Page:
Before we got Mauja, I had researched the Great Pyrenees for months. Even though I had never met one, I was confident that it was the right breed for my family and that I could successfully care for one. I spent hours learning about the things that make Great Pyrenees unique, including the double dew claws.
At Mauja’s first vet visit, the vet brought up her dew claws and how strange it was that they were attached by a bone. I tried to explain the Great Pyrenees breed standard and why the double dews were useful, but she was not convinced. Every visit until her spay, I received a lecture on why I needed to remove her dews. Eventually, we decided to take her to a different vet for her spay because I was terrified the vet would remove her double dews without my permission.
Thus began my mission to help educate about the necessity of the double dew claws on the Great Pyrenees.
Have you ever seen them before? I love the looks on people’s faces as the notice the double dews on Mauja and Atka. There’s always the double take followed by the, “are they supposed to be there?” question.
As you can see above, there’s a pad with two toenails slightly higher on the foot. That’s a pyr’s double dews.
It is commonly believed that dewclaws need to be removed, preferably as soon as possible. While this is true for some breeds, it does not apply to the Great Pyrenees. Many breeds have floppy dew claws that can easily snag and rip. If you dog isn’t a working dog, vets typically remove them at a young age.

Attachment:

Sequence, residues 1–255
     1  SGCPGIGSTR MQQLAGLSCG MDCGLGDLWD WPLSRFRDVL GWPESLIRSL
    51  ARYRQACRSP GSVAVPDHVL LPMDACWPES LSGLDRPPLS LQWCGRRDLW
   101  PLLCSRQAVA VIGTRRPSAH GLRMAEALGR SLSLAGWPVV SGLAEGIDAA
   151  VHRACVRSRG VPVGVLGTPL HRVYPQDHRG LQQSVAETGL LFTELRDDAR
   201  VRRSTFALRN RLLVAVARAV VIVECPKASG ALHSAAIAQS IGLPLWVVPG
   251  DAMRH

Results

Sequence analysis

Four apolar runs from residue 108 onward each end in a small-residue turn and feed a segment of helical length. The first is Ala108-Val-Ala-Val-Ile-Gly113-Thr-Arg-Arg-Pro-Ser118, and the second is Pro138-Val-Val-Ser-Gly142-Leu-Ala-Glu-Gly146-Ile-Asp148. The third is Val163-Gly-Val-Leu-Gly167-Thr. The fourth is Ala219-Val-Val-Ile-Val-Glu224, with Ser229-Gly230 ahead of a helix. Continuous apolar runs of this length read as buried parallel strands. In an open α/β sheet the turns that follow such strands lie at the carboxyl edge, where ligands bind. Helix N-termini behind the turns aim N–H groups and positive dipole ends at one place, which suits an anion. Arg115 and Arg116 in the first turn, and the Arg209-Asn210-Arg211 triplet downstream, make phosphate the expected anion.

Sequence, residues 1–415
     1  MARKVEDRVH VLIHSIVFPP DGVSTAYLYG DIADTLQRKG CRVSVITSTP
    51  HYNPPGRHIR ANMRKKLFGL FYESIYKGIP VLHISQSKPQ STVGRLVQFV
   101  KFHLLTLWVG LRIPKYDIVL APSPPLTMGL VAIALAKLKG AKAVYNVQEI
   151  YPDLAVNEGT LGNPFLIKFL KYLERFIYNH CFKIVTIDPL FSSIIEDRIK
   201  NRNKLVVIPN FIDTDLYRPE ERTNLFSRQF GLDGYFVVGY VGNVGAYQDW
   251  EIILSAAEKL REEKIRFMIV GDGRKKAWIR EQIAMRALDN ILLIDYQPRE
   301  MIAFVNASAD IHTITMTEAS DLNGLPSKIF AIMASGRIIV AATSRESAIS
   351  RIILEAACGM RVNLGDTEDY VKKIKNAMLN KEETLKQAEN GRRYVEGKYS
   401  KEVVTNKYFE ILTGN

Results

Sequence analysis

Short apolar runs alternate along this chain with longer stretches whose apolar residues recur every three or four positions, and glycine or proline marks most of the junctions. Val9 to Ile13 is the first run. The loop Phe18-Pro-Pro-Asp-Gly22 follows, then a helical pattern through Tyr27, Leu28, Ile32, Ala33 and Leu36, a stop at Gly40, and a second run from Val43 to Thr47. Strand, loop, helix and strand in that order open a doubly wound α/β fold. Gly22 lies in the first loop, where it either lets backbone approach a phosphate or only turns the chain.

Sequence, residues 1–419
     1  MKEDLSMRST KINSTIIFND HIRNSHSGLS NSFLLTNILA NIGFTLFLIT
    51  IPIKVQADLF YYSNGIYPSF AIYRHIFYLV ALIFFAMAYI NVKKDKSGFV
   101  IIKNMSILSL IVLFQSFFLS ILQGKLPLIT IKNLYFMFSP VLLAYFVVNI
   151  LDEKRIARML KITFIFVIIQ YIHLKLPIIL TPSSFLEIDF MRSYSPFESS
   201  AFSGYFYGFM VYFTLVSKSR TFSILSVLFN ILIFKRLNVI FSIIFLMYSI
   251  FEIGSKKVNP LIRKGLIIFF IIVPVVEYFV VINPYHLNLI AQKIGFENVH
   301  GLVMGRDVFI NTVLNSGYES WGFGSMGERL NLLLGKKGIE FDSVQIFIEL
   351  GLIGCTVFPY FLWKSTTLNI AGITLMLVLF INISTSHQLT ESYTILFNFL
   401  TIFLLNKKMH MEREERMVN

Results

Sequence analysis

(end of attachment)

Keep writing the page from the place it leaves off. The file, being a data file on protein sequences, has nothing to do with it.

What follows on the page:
The double dew claws on the Great Pyrenees are very strong due to being attached by a bone; they act as a sort of thumb for the dog and are surprisingly useful.
I love watching Mauja and Atka run around and make use of their extra toes. The dews help grip the ground for turning, climbing, descending, and jumping. I’ve never seen Atka jump, but Mauja uses her dews when she jumps!
Removing the double dews is highly discouraged due to being extremely painful and is ultimately detrimental the dog. Due to being attached by a bone, it is very uncommon for them to snag when taken care of properly. This means ensuring regular trimming to prevent the nail from growing too long and back into the pad, which would be very painful for the dog.
My experience with Mauja taught me that it’s great to ask your vet for advice but always do your own research. Talk to people involved with the breed, such as reputable breeders, people who show dogs, and rescue workers to help learn the most accurate information.
Have you ever seen a dog with double dew claws?